Bolton defender Gary Cahill is facing a huge decision about the course of his career, with Chelsea and Tottenham interested in a player available for a fraction of his full transfer market value next month because he becomes a free agent in the summer.
The potential availability of an England international player not yet at his peak, six months before his contract runs out, is a rarity in Premier League football and the 26-year-old carries the advantage for Chelsea of being available for European football.
The likelihood of Cahill becoming one of the transfer stories of next month's window is all the greater because of the general need of central defenders among the top six clubs. Chelsea are almost certain to lose Alex – probably to Anzhi Makhachkala of Russia, with Juventus in contention – while the racism charge now looming over John Terry has the potential to create a more urgent need at a club where the form of David Luiz is a matter of concern.
Tottenham, whose defeat at Stoke City this month revealed their need for more central defensive quality, also remain in the running and Manchester City cannot be entirely discounted, having contemplated an £18m move for the player in the past. Cahill does seem to be lower down their priority list now, however.
Manchester United's plans are by no means clear, though the absence of Nemanja Vidic for the remainder of the season and Rio Ferdinand's struggle with injury – the latest being a knock which will keep him out until New Year's Eve – may make a £7m move for Cahill look extremely attractive. Although Chris Smalling and Phil Jones provide cover, Smalling has slotted in as a right back for Sir Alex Ferguson and there is a widely-held belief that deploying Jones as a centre back would be a waste of a young player's talent and energy. Ferguson's team selections suggest that he has reached the same view as Sam Allardyce, who managed Jones at Blackburn Rovers: that Jones should move back to central defence at a far later stage.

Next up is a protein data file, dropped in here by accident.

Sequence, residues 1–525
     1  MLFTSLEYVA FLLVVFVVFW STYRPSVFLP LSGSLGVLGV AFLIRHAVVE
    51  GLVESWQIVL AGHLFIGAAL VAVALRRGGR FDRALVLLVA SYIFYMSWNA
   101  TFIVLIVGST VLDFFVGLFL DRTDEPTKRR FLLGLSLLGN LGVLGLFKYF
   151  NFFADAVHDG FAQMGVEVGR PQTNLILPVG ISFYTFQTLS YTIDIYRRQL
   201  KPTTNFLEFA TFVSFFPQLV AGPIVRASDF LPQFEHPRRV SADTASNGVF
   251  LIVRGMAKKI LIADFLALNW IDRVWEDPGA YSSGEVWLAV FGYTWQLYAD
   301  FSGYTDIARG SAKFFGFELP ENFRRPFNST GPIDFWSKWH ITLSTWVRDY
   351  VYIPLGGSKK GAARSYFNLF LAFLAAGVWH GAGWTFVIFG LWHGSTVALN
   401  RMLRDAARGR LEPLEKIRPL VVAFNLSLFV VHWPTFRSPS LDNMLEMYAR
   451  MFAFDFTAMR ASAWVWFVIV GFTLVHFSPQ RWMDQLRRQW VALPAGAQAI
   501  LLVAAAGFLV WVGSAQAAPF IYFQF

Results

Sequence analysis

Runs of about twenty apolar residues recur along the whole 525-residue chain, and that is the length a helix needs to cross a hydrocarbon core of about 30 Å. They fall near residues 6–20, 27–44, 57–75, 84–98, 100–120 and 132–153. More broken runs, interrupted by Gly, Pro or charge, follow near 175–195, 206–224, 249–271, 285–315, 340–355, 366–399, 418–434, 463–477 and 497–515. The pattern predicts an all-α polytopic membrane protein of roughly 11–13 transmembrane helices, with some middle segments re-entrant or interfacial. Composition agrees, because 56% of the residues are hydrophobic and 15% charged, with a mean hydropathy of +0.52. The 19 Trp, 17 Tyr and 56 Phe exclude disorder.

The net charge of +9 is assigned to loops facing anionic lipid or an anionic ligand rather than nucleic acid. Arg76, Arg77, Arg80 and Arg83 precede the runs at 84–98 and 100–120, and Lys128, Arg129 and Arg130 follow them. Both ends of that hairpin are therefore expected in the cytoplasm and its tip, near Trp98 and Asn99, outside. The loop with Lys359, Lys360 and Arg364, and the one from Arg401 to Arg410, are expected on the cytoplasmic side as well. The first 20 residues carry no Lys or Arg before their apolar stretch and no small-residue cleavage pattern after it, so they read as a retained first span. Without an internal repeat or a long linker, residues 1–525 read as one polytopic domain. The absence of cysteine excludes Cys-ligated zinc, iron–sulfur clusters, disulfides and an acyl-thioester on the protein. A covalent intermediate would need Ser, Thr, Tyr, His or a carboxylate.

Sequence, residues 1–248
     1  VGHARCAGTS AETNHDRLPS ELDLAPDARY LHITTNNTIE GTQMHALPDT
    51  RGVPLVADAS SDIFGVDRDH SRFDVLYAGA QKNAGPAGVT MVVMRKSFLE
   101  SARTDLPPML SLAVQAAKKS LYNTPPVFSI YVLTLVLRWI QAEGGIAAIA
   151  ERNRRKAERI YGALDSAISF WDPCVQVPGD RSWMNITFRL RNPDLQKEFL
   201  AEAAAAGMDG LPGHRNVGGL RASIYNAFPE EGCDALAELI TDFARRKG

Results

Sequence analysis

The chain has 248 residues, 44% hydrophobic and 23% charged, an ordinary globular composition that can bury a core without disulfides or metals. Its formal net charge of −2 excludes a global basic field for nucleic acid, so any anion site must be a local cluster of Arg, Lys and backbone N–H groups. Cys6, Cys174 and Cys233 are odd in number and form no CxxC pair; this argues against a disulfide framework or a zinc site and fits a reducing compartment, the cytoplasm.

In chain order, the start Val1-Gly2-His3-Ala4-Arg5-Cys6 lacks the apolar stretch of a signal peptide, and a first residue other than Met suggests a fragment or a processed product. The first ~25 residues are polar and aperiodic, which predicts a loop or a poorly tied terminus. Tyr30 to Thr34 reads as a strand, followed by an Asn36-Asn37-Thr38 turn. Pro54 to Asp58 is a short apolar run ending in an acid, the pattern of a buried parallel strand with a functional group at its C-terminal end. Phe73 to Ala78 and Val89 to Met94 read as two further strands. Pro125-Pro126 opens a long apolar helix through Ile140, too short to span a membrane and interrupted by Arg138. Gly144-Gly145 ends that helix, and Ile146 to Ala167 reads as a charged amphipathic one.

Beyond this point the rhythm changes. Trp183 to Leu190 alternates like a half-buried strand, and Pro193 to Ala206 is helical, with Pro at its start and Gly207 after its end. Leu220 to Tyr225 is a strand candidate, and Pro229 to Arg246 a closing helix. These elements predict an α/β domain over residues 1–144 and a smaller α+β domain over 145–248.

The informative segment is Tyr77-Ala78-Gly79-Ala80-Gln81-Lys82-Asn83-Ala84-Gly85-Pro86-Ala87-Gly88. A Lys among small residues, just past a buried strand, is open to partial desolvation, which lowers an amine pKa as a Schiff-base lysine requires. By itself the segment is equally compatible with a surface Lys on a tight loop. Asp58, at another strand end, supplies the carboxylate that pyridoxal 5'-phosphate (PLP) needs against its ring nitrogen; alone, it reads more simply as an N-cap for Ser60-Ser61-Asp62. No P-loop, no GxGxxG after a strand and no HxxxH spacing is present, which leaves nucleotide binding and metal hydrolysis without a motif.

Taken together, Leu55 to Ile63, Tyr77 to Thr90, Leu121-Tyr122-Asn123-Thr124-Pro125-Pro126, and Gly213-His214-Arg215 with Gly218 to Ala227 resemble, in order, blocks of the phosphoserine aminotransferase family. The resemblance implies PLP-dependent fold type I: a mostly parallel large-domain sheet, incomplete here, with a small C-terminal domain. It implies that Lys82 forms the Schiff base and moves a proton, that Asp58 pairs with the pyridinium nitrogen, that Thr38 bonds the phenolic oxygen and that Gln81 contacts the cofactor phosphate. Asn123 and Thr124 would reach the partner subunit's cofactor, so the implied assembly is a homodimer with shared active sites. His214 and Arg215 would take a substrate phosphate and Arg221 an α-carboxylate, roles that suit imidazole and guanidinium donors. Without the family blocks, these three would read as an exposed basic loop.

Though it is understood that Arsenal are not in the search for Cahill, as they have their quota of central defenders, Cahill appears likely to have choices, having found a laudable way to placing his career path on an upward trajectory: respectfully declining the offer of a new contract at Bolton and waiting for his opportunity.
It is understood that staying at the Reebok does remain a possibility for Cahill. Cahill, like the under-used winger Adam Johnson at Manchester City, is acutely aware that the England manager, Fabio Capello, wants his players to have had regular first-team football, which would be in no doubt if he stayed at Bolton.
But Bolton's debt levels were declared to be £110m – double their annual turnover – last month and with a 2009-10 wage bill which swallowed 86 per cent of revenue, the opportunity to sell while they can may be too good to resist for the club.
"It has been a tough start to the season for me," Cahill said this week. "Playing here and then playing for England has been two completely different end of the scales. In that respect it has been tough, because I want to do as well for Bolton as I can whenever I'm here. I go and give 100 per cent every time I put the shirt on, and I hope that people see that."
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